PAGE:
The specific purpose of the present study was to longitudinally evaluate visual function and structure using various modalities in order to determine the most useful testing methods for detection of subclinical ethambutol-induced optic neuropathy.

Materials and methods

Study design

This retrospective study enrolled 114 consecutive patients with newly and definitely diagnosed pulmonary and extra-pulmonary tuberculosis between March 2014 and March 2016 at three hospitals affiliated with Hallym University. The patients had been diagnosed in the Pulmonology or Infection Clinics within the Internal Medicine department and referred to Neuro-ophthalmology Clinics prior to starting anti-tubercular treatment including ethambutol. As a standard of care for all patients receiving ethambutol, ophthalmic examinations were performed while taking the medicine according to the schedules.

All of the patients were selected in accordance with the following exclusion criteria: history of optic neuropathy or retinal disease, history of intraocular or refractive surgery other than cataract extraction, media opacity other than incipient cataract, best-corrected visual acuity (BCVA) < 20/50, intraocular pressure (IOP) > 21mmHg, pre-existing visual field defects, and history of taking any non-ethambutol drugs known to cause ocular toxicity. This study was approved by the Institutional Review Board (IRB) of Hallym hospitals and adhered to the tenets of the Declaration of Helsinki. Given the retrospective study design with medical chart, IRB approved the current study to be exempted from obtaining written consent. We had verbal informed consent from the participants and included only data of the participants with consent. All of the data were newly collected for the current study and have never been published previously.

Patient evaluation

We performed a detailed ophthalmology history taking and reviewed the Internal Medicine department’s medical records for each participant. The first examination was performed as a baseline test (prior to the start of drug administration) when the patients first visited our Neuro-ophthalmology Clinic. After initiation of ethambutol administration, the patients visited the clinic each month while taking the drug, and then again 1 month after stoppage. At each visit, ophthalmic examinations were performed, including slit-lamp examination, fundoscopy, BCVA, color-vision testing by Ishihara color plates, contrast sensitivity testing by the Mars Letter Contrast Sensitivity chart (Mars Perceptrix, Chappaqua, NY, USA), fundus photography, and retinal nerve fiber layer (RNFL) photography. We assessed the patterns of visual field (VF) defect and abnormalities in VF global indices including mean deviation (MD), pattern standard deviation (PSD), and VF Index (VFI) using automated perimetry by Humphrey Field Analyzer (Central 24–2 pattern; Carl Zeiss Meditec, Dublin, CA, USA). Any test result of low reliability (false positive or false negative > 15%, or fixation loss > 20%) was excluded from the VF test analysis. We carefully differentiated true defects from temporary variations by comparison of all available sequential VF tests in those with VF pattern changes. Peripapillary RNFL thickness was measured for the 4 quadrants and the global (360°) average using Cirrus high-definition spectral-domain optical coherence tomography (HD SD-OCT; Carl Zeiss Meditec, Dublin, CA, USA). Only OCT test results with a signal strength above 7 and good centration were included in the subsequent analysis. We removed all data for cases in which structural evaluation of the automatic segmentation of the RNFL was incorrect.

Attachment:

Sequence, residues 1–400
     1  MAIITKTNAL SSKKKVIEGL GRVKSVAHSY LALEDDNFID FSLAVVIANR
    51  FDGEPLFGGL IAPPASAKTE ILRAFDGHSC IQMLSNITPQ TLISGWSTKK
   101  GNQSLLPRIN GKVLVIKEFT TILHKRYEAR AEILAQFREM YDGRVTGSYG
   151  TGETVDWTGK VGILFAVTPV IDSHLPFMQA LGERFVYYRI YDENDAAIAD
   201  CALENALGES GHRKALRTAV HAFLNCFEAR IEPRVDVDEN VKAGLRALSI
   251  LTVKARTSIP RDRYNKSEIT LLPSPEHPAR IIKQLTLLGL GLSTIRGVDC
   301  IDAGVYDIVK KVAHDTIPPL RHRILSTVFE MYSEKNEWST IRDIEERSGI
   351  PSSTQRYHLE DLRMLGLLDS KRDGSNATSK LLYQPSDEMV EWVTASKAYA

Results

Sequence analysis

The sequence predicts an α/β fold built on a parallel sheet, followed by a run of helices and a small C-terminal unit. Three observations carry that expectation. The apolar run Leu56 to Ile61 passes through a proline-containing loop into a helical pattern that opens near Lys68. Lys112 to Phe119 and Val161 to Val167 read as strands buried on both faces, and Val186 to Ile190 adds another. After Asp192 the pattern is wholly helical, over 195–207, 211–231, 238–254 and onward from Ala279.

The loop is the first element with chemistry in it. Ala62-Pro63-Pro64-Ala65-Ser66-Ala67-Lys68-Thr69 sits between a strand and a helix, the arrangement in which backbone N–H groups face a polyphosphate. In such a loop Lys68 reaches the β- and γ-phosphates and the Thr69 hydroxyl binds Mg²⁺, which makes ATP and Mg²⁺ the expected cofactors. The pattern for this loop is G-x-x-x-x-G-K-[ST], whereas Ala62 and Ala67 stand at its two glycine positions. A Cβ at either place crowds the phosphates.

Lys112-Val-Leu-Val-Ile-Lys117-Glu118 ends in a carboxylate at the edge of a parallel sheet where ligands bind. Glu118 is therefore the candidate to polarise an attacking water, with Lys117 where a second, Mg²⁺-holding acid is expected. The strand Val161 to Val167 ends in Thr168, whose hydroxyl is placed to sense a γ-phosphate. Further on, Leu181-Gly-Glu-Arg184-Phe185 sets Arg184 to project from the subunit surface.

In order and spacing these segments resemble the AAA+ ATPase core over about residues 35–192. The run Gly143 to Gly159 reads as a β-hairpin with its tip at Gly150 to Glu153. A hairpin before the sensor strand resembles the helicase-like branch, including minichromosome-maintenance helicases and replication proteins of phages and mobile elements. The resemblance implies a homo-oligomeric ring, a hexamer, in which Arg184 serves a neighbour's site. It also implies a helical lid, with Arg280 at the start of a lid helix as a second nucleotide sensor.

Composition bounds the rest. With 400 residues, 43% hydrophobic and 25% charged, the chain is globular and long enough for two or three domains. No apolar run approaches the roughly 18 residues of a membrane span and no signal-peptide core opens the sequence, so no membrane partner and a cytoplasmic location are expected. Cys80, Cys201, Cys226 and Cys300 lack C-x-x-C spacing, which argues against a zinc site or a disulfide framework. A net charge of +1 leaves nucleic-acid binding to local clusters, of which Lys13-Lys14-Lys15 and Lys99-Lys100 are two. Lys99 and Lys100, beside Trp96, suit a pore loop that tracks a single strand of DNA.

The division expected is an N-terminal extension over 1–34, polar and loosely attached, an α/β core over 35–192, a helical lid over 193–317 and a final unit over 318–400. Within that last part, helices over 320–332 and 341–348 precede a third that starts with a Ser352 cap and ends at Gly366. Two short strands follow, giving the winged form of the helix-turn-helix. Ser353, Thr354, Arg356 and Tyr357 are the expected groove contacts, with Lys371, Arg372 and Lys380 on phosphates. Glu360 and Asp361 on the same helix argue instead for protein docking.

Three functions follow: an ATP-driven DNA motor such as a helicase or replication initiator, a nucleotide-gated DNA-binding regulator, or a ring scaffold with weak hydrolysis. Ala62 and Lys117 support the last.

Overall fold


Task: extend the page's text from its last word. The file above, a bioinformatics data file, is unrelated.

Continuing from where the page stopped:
Indentifying subclinical toxicity

Subclinical change or toxicity was defined as the lack of recognizable clinical symptoms or signs, but with any significant changes on ophthalmic examinations including color-vision, contrast sensitivity testing, fundus photography, RNFL photography, VF testing, or OCT. Subclinically significant changes in numeric characteristics such as color vision, contrast sensitivity, VF global indices, and RNFL thickness by OCT were defined as those showing a value difference (increase or decrease) greater than 2 SD from the baseline, as in a previous report by Menon et al [23]. Clinical assessment of non-numeric parameters such as fundus photography, RNFL photography and VF defects was performed by two independent observers (K.W.J., D.G.C.) masked to the other test results. The results were confirmed and considered subclinically significant only if those two observers concurred.

Statistical analysis